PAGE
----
Identifying Juniper Trees and Shrubs

Learn what's unique about this widespread evergreen.

Detail shot of a Juniper with blue berries in fall.

Yevgeniy Drobotenko / Getty Images

Juniper may refer to any number of woody evergreen plants that belong to the genus Juniperus of the Cypress family. They are most common to the Northern Hemisphere, but their range reaches south to Central America and Africa. Junipers are often short and bushy, however there are thirteen juniper species native to North America and eleven are mostly tree-like. It is commercially grown as an evergreen ornamental shrub or tree.

Here, we explain the juniper’s key identifying characteristics, as well as the plant's native range, uses, and explore some different species of juniper.

Description and Identification

There are about 60 different juniper species, which can grow in many different shapes, sizes, and even colors. All junipers are evergreen, with either needles or distinctly scaly and flat leaves. The leaves may start as needles and mature into scaly structures.

All juniper species have seeds but not fruits or flowers, making them gymnosperms. However, the seeds grow in berry-like cones that are colorful and often called juniper berries. 

In many cases, juniper is a low-branching shrub with a rounded form, but some grow vertically into trees. The adult tree shape is often narrowly columnar, and may also be described by landscape professionals as “upright.” The shape of shrub junipers may be described as prostrate, weeping, creeping, and bushy.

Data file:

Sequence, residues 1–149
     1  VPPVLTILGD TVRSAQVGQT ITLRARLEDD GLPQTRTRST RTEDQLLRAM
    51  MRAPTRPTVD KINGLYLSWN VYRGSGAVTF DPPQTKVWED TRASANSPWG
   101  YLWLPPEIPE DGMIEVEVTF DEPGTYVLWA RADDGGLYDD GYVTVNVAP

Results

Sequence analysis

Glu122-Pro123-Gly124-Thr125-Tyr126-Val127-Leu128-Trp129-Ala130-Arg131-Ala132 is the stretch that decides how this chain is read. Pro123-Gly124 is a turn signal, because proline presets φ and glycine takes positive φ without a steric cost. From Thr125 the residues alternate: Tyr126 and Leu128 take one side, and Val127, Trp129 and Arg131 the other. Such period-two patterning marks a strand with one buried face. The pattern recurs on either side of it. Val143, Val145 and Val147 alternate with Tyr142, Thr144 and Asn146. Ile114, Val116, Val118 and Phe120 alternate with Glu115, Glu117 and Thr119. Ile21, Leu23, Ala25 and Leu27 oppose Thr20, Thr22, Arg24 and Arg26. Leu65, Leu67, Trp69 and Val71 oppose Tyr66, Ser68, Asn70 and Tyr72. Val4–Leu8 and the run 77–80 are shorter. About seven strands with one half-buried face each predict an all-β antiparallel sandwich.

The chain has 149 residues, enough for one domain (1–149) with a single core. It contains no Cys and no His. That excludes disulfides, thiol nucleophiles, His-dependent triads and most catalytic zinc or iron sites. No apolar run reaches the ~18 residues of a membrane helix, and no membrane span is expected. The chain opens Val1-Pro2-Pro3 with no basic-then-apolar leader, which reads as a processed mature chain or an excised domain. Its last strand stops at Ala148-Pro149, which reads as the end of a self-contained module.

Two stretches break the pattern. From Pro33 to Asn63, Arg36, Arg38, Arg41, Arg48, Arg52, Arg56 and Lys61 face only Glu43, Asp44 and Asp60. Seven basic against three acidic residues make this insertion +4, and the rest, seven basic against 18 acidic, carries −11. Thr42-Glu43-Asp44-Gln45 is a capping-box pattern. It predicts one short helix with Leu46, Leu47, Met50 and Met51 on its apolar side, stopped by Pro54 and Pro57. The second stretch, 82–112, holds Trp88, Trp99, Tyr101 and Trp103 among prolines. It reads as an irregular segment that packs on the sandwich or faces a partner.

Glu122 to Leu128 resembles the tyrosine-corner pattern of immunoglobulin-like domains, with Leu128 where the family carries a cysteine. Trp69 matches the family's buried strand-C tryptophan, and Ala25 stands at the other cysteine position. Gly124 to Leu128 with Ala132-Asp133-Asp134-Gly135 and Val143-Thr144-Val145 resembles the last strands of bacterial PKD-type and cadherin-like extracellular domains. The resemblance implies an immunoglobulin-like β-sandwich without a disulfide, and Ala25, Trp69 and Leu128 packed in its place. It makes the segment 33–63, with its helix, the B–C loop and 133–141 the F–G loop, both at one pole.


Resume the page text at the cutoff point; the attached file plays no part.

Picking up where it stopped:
Junipers are known by a variety of common names, including juniper bush, juniper plant, juniper shrub, juniper wood, and juniper flower. Additionally, Eastern red cedar is a tree that actually belongs to the Juniper genus.

Native Range

A Juniper in a desert setting in against hill backdrop.

Jim Morefield / Flickr / CC BY-SA 2.0

Juniper thrives in a wide range of ecological conditions, and there are species native to Asia, Europe, North and South America, and Africa. The juniper typically grows on dry, open, rocky slopes and mountain sides but may be found in stressed environments where competition with other plants is almost nonexistent. It also often grows in partial shade. Depending on the latitude, the juniper can be found on lowland bogs at sea level as well as subalpine ridges and alpine tundra at over 10,000 feet.

In North America, most junipers grow in the western United States; they are the very common small trees that dot the wild landscapes and lowland fields of the West. But junipers also grow in arid deserts and grasslands, as well as the western pine and oak forest zone.


Two brown and yellow birds eating juniper berries.
Wildlife depend on junipers cones.

Laura Hedien / Getty Images

Juniper trees and shrubs are valuable for many reasons, such as long-term land rehabilitation projects and the prevention of soil erosion. Common juniper provides important cover and browses for wildlife, especially mule deer. The cones are eaten by several species of songbirds and are an important food source for wild turkeys.